Welles hated everything that Quinlan stood for. The movie is openly criticizing the way that police were working in the era. While border police were getting results, they were cutting corners and entrenched in a bias that they could no longer see. He deals with a drug epidemic in a pretty hilarious way by today's standards, but acknowledges that there is a drug problem. It seems like such a risque movie compared to all of the other film noir entries that I've watched. (Admittedly, there's some debate whether or not Touch of Evil technically counts as film noir, so there's that.) It's just that with all of the other entries in this class I'm watching the crime is always kind of ambiguous. We know that someone is evil because they're sitting in a well-lit basement bemoaning the police and stuff like that. We often deal with the consequence of crime and not the actual crime itself. But Touch of Evil really lets us see that crime is happening. Uncle Joe is this heavy who keeps pressuring things his own way. We get a rowdy gang that drives Mrs. Vargas insane. This is a world of chaos and it is really interesting to see it play out.
There's two elements of the movie that I absolutely adore. (I'm actually finding this harder to write than I care to admit because I like the movie so much. When a movie is simply okay, I can write page after page. I just hate gushing.) It's a bit on the nose because those two elements are the things that Orson Welles set out to accomplish. The first thing I adore is the relationship and downfall of Quinlan. Quinlan is a great villain. He's so good because he knows that he's the hero of the story. He's a guy who keeps shifting his moral code by an inch time-and-time again. Touch of Evil is a look at a man who has moved that line so many times that by the time we meet him, he's morally kind of bankrupt. Yet he holds onto his victories and his morals as justification for all the evils he does. I love that Quinlan starts the film as a recovering alcoholic. He's gotten fat on candy bars, which makes his girth indicative of a man who has just given up. But he uses that sobriety as a high horse. It's this double effect of pride in failure. It's really excellent. Yeah, the movie goes "Demon in a Bottle" on him when he returns to the booze, but it explains so much about his character.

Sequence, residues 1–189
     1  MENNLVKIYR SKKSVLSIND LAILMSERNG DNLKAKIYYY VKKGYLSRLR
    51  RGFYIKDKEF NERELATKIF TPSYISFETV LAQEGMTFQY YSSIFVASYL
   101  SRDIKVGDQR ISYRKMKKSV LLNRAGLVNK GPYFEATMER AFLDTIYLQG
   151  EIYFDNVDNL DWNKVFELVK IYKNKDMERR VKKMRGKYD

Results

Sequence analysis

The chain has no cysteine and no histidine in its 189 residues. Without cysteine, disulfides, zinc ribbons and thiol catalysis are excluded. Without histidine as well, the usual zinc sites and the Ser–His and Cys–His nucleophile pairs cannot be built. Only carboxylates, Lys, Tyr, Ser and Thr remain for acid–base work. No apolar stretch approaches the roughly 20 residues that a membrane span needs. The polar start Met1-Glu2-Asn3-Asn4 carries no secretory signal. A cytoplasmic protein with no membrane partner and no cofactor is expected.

Similarly, and this is kind of gross on my part, I really find the whole B-plot of Mrs. Vargas interesting. For someone married to a higher up in the Mexican police force, her choices in the film are a bit bizarre. I don't think that Welles is commenting on the ineptitude of women, at least I hope he isn't. But she starts the film with such agency. She chooses not to define herself by her husband. She addresses a threat to their domestic bliss by accepting the invitation to meet Uncle Joe. It's just that we, as audience members, quickly recognize her mistake. As gross as it is from today's standards, watching Janet Leigh get flung into the insane criminal underworld is haunting. I think I know why I like it so much and it doesn't really let me off the hook. Janet Leigh's portion of the movie is a horror film. She's completely overwhelmed by her situation. While there's no blood or death, she's tortured throughout the film and we want to see her as the final girl get revenge on those who tortured her. I'm also a fan of bummer endings, knowing that everything doesn't quite work out for her. She gets a bittersweet ending, freed from the torture of the gang. But the gang continues to live on, without justice being brought to them.
One of the things in the commentary blew my mind. There's a really weird performance in the movie that I instantly made the connection to Anthony Perkins' Norman Bates. Dennis Weaver plays the night manager of the motel and his performance is insane. It was clear the archetypal connections between Norman Bates and Touch of Evil's night manager, mainly because they serve the same role in the film and are also very clearly insane. There's something in the costume, too, that Hitchcock may have picked up on. Perkins is genius in his subtlety of Norman Bates. Weaver is an acid trip. But I didn't exactly make the really obvious connection that Janet Leigh is the one being tortured in a hotel room by a Norman Bates type. I'll talk about it in my presentation, but I can't believe I didn't pick up on this.
Hopefully, I'll get out of Facebook jail soon once it is reviewed. But until then, I will yell into the darkness until I get too depressed to write anymore. Touch of Evil is definitely worth a watch. It's a little weird and can get a little tedious at times, but it absolutely is a work of genius.
Film is great. It can challenge us. It can entertain us. It can puzzle us. It can awaken us.
Mr. H has watched an upsetting amount of movies. They bring him a level of joy that few things have achieved.